The campaign manager also praised Rowe and Rodgers.

Shanahan’s path to a national political stage seems as unlikely as any. She told journalists in earlier interviews that she grew up with a father who suffered from schizophrenia and bipolar disorder and a mother who was a recent immigrant from China. It was “a very hard childhood with a lot of sadness, fear and instability,” she told People.

She described the internet as the force that allowed her to gain access to the larger world, applying for college and then to Santa Clara University law school, where she edited the High Technology Law Journal.

Shanahan has described herself as a “lifelong Democrat” and a “progressive” and has supported a number of political measures that fit that description. She backed Measure J, the Los Angeles ballot action that required county government to spend 10% of unrestricted revenue — estimated to be hundreds of millions of dollars — on social services including housing, mental health treatment and other jail diversion programs.

She donated $85,000 to Proposition 57, the statewide criminal justice reform measure that sought to reduce the prison population with sentencing reductions, in part by offering credits for rehabilitation and education programs.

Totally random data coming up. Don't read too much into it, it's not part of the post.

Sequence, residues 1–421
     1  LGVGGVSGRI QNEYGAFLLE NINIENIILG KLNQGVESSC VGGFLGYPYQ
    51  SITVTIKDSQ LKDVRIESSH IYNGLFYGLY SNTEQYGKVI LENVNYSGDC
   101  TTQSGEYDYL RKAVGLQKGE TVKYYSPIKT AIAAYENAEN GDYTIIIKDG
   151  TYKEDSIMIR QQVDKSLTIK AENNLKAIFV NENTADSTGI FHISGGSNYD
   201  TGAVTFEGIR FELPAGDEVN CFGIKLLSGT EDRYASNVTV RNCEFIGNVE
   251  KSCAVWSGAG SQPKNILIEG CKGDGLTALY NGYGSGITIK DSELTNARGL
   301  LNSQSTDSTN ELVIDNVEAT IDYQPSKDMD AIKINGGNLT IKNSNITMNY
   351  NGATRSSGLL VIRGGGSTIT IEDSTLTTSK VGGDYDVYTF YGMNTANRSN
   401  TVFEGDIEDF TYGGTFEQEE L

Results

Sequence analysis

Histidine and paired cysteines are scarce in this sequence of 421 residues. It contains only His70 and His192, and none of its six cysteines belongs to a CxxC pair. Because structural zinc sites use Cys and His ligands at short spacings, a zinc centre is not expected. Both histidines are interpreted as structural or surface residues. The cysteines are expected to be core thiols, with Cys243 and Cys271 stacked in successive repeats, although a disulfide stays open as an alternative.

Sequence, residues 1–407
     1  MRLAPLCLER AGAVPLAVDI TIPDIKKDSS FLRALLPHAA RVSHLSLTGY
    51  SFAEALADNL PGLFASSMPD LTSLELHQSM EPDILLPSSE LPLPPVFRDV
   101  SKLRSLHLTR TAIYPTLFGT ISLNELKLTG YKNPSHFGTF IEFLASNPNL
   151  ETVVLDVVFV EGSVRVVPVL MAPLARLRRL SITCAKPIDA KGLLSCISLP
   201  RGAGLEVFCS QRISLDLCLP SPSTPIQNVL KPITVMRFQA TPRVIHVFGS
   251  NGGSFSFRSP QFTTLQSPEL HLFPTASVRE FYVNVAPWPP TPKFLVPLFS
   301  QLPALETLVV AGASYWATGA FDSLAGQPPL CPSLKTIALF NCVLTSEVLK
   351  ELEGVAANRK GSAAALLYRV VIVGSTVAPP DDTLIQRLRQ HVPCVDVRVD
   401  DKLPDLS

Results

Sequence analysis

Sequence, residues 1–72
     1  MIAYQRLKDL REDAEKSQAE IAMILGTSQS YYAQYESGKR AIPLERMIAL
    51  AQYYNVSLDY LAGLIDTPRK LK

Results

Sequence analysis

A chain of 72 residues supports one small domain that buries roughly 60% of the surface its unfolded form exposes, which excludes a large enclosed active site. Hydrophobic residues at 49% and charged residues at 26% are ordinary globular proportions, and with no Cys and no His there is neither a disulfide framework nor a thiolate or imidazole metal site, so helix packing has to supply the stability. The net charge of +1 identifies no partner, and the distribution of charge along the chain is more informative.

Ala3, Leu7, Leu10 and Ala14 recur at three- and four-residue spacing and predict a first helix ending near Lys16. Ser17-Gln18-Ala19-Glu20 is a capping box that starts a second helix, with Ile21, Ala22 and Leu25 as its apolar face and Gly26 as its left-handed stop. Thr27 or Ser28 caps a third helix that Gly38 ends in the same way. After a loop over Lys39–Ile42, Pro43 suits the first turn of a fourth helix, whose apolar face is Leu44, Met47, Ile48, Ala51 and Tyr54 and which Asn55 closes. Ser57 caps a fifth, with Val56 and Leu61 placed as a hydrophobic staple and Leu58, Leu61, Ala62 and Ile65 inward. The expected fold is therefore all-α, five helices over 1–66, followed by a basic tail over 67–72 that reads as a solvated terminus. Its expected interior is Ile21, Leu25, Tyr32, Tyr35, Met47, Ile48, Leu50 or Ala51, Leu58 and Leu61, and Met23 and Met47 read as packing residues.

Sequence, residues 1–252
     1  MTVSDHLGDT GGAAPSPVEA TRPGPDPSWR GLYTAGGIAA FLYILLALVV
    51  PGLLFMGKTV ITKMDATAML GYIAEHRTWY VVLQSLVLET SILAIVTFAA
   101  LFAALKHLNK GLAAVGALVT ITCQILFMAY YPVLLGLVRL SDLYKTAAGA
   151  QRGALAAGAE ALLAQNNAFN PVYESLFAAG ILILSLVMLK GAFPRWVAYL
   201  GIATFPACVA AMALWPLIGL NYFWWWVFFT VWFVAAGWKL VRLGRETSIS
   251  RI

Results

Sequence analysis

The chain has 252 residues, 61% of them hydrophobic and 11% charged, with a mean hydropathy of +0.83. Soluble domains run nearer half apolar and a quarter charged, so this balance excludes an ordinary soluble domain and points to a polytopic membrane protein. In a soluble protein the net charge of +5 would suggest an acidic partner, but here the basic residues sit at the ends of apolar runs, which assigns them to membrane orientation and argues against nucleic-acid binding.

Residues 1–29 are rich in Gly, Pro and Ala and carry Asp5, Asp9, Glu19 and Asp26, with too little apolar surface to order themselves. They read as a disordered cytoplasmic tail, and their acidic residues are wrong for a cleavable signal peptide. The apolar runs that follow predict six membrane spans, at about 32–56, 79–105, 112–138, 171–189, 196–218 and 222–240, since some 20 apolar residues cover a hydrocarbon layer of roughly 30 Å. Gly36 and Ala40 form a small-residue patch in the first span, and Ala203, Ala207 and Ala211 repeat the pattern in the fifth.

Among the many Democrats she bankrolled in the past: Joe Biden, who received a $5,600 donation to his 2020 campaign.

When she spoke to the New York Times about the Super Bowl ad, she said she initially backed Kennedy but was turned off when he dropped out of the Democratic primaries. She subsequently moved back into his column and said she found he had “pockets of silent support all over the place.’’

While still married to Brin, she founded the Bia-Echo Foundation, announcing in 2019 that it intended to spend $100 million over five years on programs to help women become pregnant later in life, to overhaul the criminal-justice system and to address the effects of climate change.

The child-bearing issue became central for Shanahan when she had trouble having a child. She found it disturbing to find so many in the fertility field who seemed unconcerned that so many women struggled to conceive by their mid-30s. She later became focused on autism, when Echo, her daughter with Brin, was diagnosed as on the spectrum.

Shanahan told People she intended to stay on the “cutting edge” of autism research and to work with her daughter “through every stage of this.”

Kennedy’s campaign website invites the public to Tuesday’s VP rollout at the Henry J. Kaiser Center for the Arts overlooking Lake Merritt. It offers tickets: from $2 for those “on a tight budget,” up to $500, including “commemorative merch” and access to a post-announcement reception.

“This event will be a pivotal moment in our country’s history!” the website promised. “You will not want to miss it.”